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A reflection in the pride of service

  • Published
  • By Col. Christine Berberick
  • 375th Medical Operations Squadron commander
As we enter this holiday season, I recently had the opportunity to reflect on the many things I am thankful for. I recognize that I am richly blessed. In addition to having a wonderful family and living in the greatest country in the world, I love being an Air Force Nurse Corps officer. When I was commissioned I could never have imagined all of the amazing people I would meet and opportunities that I would experience. Joining the Air Force was one of the best decisions I ever made.

The funny thing is, for a long time when anyone asked me why I joined, I joked and told them it was because I looked nice in blue. While I do look very nice in blue, the reason was much deeper and I don't think I even understood it well enough to verbalize for many years. I was the first member of my family to go to college. I came from an area that was ravaged by the collapsing steel industry. I knew I wanted something more. I wanted to make a difference and to be a part of something bigger than myself.

We all have a reason that we joined. Maybe it was for education, to make a better life for our family or a deep sense of patriotism. I am grateful that each of you stepped forward and raised your hand. Serving your country is an incredible personal sacrifice and I am very proud of you. I read recently that less than 30 percent of our nation's youth are eligible to join the military based on various factors including academics, criminal history, substance abuse and physical health. And less than 3 percent of our population ever volunteer to serve, but you did volunteer and I thank you.

Just as each of us had a reason compelling us to join the military, there will come a time when we will each walk away from our military service. When that time comes, I want you to be able to look back with pride on your service. To know that you had the opportunity to make a difference and you did. That you did so much more than just enough to get by. What advice can I give you to ensure that you will be proud at the end of your service commitment? It is pretty simple: "Go to work, do your job and go home."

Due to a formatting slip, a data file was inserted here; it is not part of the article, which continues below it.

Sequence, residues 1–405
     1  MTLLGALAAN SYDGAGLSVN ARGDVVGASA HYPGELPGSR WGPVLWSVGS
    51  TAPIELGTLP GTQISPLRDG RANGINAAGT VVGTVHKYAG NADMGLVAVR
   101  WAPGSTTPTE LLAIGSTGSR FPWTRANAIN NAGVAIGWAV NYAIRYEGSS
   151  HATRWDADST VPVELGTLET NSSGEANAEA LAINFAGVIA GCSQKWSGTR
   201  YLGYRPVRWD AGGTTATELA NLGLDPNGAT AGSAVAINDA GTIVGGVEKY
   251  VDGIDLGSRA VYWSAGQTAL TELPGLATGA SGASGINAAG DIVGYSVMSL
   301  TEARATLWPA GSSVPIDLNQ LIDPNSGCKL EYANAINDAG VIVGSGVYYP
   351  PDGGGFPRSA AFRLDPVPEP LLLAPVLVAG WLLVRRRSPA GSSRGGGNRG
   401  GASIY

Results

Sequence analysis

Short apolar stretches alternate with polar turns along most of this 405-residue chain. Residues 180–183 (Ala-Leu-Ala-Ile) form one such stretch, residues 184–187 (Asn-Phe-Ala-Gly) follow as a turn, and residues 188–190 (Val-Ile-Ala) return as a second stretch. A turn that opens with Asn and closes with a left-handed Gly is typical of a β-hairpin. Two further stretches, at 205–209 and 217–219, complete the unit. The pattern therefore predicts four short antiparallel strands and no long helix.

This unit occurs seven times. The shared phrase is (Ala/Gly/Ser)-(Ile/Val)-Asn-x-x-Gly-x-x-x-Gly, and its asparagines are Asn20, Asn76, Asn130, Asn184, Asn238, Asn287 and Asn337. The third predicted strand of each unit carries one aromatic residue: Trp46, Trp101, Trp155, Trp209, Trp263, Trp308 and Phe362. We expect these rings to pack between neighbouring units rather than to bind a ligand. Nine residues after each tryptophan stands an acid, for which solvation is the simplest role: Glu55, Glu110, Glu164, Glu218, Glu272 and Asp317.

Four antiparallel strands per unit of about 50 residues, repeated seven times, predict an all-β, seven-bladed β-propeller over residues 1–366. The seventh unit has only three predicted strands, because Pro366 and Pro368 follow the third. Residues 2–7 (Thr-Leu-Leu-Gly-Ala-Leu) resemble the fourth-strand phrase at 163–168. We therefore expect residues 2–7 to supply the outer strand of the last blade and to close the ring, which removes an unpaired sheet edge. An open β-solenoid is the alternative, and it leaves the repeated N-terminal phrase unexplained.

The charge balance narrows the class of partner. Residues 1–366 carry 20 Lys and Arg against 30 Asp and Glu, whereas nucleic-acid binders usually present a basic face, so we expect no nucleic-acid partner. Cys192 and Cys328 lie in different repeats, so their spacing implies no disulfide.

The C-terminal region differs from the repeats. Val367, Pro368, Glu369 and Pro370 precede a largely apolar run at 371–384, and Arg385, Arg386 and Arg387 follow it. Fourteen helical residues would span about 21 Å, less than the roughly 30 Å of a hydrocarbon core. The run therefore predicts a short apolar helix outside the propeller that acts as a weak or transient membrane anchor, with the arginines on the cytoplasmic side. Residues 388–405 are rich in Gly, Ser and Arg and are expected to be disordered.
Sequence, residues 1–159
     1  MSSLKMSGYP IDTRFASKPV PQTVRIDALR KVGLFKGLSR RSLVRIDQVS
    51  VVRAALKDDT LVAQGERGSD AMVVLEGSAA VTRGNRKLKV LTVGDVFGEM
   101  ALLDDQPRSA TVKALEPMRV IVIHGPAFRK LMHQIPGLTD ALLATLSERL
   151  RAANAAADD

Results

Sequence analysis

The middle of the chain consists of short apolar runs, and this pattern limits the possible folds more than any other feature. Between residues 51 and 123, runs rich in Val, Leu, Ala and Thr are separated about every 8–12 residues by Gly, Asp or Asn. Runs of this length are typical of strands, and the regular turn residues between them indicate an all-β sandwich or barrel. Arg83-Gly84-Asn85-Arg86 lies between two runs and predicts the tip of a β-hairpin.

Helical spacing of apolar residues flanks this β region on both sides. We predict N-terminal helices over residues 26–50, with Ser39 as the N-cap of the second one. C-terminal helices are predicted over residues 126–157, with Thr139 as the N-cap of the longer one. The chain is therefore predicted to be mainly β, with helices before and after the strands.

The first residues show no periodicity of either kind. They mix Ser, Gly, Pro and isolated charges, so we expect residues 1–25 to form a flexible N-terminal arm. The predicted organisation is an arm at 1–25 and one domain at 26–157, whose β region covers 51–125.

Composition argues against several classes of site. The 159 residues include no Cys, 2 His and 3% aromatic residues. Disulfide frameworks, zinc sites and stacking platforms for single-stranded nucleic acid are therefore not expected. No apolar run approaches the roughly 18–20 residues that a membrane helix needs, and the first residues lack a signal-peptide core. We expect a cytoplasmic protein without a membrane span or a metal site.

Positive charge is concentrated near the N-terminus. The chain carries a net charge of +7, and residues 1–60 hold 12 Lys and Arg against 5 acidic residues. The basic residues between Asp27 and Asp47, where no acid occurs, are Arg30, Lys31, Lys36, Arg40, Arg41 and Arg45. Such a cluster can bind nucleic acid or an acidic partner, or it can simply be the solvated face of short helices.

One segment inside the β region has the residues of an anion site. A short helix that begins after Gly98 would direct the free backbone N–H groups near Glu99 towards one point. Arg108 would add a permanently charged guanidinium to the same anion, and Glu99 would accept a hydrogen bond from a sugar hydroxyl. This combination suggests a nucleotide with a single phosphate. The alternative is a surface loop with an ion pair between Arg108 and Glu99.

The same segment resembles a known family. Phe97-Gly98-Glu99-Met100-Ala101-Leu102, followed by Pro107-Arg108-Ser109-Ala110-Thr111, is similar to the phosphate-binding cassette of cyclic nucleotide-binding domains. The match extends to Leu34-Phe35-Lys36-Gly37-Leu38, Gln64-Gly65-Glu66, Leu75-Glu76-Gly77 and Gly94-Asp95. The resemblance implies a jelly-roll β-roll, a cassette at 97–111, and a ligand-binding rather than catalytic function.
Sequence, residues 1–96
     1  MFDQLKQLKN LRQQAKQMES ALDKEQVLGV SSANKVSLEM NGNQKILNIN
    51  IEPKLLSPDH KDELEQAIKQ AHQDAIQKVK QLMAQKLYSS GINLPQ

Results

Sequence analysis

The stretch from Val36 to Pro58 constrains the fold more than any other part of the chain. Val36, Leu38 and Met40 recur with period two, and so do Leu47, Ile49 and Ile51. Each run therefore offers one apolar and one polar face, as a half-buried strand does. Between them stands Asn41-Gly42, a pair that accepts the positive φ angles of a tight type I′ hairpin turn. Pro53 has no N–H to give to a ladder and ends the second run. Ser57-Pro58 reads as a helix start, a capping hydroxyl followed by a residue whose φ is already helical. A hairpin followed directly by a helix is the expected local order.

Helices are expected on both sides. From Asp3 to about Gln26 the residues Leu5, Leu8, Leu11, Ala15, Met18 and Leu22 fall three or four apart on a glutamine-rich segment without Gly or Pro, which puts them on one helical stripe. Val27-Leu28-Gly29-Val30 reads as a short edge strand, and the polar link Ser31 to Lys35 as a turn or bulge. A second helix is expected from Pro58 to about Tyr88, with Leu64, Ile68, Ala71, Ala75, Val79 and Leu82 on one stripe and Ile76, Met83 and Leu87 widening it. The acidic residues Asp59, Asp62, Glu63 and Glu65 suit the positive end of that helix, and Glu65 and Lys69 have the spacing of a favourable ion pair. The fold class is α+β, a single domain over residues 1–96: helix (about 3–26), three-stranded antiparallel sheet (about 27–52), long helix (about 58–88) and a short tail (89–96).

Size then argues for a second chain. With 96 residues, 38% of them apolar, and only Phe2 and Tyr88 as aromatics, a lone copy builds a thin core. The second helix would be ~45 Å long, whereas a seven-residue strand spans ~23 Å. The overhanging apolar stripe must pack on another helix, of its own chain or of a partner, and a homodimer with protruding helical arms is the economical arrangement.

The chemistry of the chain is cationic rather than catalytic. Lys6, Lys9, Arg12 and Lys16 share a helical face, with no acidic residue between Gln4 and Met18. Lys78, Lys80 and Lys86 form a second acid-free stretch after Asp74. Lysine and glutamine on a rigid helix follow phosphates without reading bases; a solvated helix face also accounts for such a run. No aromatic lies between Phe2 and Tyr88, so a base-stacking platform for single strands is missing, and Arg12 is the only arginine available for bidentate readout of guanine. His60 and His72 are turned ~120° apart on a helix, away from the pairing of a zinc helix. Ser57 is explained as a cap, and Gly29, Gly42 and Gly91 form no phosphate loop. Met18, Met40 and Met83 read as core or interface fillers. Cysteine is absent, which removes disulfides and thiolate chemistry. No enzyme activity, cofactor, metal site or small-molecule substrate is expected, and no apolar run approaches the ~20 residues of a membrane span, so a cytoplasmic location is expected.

First, we need you to go to work. Physically show up and mentally be present. Be engaged in making your unit better. Take ownership of your work center. Get involved. Ask yourself what you can do to improve your flight or squadron every day. If we all do this, imagine what we can accomplish.

Next, you need to do your job. The first part of doing your job is knowing what your job is. Learn every aspect of your core tasks. Be competent and work to become the technical expert. Continuously develop your professional skills. In addition, grow your skills as a leader and as a member of the profession of arms. Remember that all training is good and free training is great!

Finally, go home. Spend time with friends and family. Maintain your physical and spiritual fitness. Take a class, pursue a hobby. Participate in things that bring you joy. Most importantly find ways to refresh and rejuvenate. This helps us cultivate resiliency and ensure we are ready for the next challenge.

Again, I enter this holiday season grateful for your selfless dedication to our great nation. I promise you, that if you remember to "Go to work, do your job and go home," you will one day be able to look back with tremendous pride in all that you have contributed.